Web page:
Rotary Club of Kitchener


January 4, 2021

Meeting Recording

A recording of Today’s Meeting can be found by clicking here

President's Comments

President Louise welcomed everyone to the meeting, wished us all a happy new year and indicated that she is looking forward to a really great year!
She announced that our Indigenous Support Working Group is becoming more active and is still looking for additional members if anyone has an interest in this area.  She also announced that she will also be forming a Tech Talk Working Group and will be sending out more information shortly.  Related to Tech issues, Howard Pell reminded everyone that, if they have not done so lately, now would be a great time to back up their computers!
We were also informed that we will all be receiving a survey soon in regard to items dealing with club meetings and activities.  Please be on lookout for this.


Jill Stoddart, our guest speaker (see below)

Visiting Rotarians

Elena Shpinel, RC of Moscow International

Happy Jar

Ernie Ginsler is happy that he and wife a Judy will be celebrating their 50th wedding anniversary on January 9.
Neil Swayze was pleased to report that we have received our cheque from the joint Online Auction committee in the amount of $22,003.91, which is about $1,000 over the amount from last year.
Dave Smith is happy to have completed his eye surgeries and to be without glasses except for reading.
Paul Rostrup is happy to be celebrating his 65th birthday this week and is happy to be with us all today.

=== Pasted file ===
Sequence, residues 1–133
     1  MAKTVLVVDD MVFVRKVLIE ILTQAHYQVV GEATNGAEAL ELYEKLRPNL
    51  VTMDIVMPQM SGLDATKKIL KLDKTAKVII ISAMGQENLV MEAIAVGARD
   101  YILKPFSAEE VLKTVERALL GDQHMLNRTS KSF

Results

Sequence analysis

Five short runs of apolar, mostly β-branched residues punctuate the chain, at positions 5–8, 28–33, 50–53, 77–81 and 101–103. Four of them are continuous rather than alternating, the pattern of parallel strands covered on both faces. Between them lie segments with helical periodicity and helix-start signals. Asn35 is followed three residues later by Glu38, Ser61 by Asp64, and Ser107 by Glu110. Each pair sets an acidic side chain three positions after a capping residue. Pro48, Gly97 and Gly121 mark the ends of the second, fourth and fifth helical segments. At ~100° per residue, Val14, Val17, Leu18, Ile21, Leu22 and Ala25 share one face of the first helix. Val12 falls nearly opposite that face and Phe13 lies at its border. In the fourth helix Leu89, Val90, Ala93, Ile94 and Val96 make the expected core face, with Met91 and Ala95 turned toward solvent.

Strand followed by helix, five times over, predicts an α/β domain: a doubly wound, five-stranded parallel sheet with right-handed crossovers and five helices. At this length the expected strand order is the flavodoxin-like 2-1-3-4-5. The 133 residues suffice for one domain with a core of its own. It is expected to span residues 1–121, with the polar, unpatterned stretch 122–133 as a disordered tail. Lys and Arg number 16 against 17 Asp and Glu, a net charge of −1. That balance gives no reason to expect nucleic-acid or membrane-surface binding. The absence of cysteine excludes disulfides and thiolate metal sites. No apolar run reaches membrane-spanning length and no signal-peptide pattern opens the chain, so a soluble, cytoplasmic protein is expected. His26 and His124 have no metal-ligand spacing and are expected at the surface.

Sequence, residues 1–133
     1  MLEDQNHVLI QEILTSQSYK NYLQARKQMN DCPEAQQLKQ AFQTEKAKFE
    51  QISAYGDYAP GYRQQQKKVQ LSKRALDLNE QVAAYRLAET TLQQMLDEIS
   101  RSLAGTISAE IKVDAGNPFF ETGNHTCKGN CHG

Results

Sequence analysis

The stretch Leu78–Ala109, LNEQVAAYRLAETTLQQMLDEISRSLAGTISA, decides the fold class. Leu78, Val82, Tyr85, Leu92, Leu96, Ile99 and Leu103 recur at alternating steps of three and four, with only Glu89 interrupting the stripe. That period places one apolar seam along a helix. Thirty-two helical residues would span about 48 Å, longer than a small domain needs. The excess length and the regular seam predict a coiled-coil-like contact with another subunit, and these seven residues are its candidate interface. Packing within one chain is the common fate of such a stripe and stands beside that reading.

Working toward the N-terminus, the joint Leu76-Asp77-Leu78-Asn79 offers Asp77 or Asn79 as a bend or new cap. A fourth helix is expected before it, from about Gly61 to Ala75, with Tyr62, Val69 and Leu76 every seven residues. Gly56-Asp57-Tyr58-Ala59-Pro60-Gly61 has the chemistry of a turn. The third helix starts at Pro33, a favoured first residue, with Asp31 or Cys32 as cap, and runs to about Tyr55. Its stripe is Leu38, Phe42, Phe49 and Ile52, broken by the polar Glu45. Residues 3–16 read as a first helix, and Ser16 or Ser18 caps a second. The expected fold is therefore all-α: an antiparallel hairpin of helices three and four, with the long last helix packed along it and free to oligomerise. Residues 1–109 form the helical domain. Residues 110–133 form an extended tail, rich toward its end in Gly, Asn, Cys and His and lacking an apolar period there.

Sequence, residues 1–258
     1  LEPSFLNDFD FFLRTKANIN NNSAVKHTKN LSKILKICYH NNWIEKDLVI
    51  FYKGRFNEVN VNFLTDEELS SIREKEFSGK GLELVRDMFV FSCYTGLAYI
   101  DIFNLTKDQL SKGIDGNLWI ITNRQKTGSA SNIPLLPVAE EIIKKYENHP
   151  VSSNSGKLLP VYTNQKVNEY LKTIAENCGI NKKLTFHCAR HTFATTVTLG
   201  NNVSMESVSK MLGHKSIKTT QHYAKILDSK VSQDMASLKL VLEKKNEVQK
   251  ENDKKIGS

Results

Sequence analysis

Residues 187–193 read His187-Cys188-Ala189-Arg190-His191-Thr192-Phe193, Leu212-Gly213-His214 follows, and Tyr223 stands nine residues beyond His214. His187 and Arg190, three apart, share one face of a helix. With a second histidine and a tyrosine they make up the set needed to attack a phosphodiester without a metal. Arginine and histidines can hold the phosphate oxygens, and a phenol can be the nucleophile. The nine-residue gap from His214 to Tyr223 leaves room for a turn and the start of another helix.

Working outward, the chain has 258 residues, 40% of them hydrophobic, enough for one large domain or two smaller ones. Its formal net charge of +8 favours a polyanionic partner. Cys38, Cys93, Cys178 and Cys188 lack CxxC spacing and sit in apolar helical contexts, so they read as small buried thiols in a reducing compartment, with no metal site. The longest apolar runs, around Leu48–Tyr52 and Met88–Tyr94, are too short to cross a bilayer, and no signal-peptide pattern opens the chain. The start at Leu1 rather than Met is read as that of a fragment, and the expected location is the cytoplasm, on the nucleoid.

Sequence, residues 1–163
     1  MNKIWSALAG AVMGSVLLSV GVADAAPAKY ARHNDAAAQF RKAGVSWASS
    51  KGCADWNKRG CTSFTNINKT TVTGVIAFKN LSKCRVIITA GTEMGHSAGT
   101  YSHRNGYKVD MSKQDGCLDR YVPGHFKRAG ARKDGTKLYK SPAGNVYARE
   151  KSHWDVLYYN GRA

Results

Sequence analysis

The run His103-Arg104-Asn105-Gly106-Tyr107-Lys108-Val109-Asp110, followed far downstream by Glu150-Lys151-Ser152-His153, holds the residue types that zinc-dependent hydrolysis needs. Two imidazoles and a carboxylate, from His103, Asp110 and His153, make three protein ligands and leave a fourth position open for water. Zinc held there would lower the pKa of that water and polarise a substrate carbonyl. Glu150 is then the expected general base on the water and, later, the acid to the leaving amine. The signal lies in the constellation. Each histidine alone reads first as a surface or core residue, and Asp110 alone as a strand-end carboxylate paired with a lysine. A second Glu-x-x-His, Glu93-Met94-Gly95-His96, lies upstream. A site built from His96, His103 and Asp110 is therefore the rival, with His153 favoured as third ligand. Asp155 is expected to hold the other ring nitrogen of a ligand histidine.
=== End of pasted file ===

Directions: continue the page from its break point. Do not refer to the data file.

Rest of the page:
President Louise was happy to let the members know that we received a $500 cheque from a former Car Draw supporter who only wished to be recognized by his first name – Peter.

Club Announcements

Paul Rostrup gave a brief update on the Catch The Ace The progressive pot is now at $8,322 and he encouraged all members who have Facebook, Instagram, and/or Twitter accounts to please LIKE, COMMENT and SHARE any/all Catch The Ace postings you might see online.  Getting the word out on social media will support our success!!
President-Elect Adrian provided a brief update on the work of our 100th Anniversary Committee.  Two major celebrations are being planned – one focusing on an opportunity for current and former members to mix, mingle and get caught up to date with each other and another to involve community members, dignitaries, former grant recipients, etc.  We also have two major projects being developed – A bridge in Victoria Park will be rebuilt and dedicated to us and we are working on a plan to fund the rebuilding of the Band Shell in Victoria Park.  More details on these and other initiatives will be forthcoming and there will be lots of opportunities for members to get involve and to help out.  Stay tuned.

Program Highlights

Our guest speaker today was Jill Stoddart, Director of Research, Development and Outcomes at Family and Children’s Services of Waterloo region.  Jill was introduced by Lew Ford.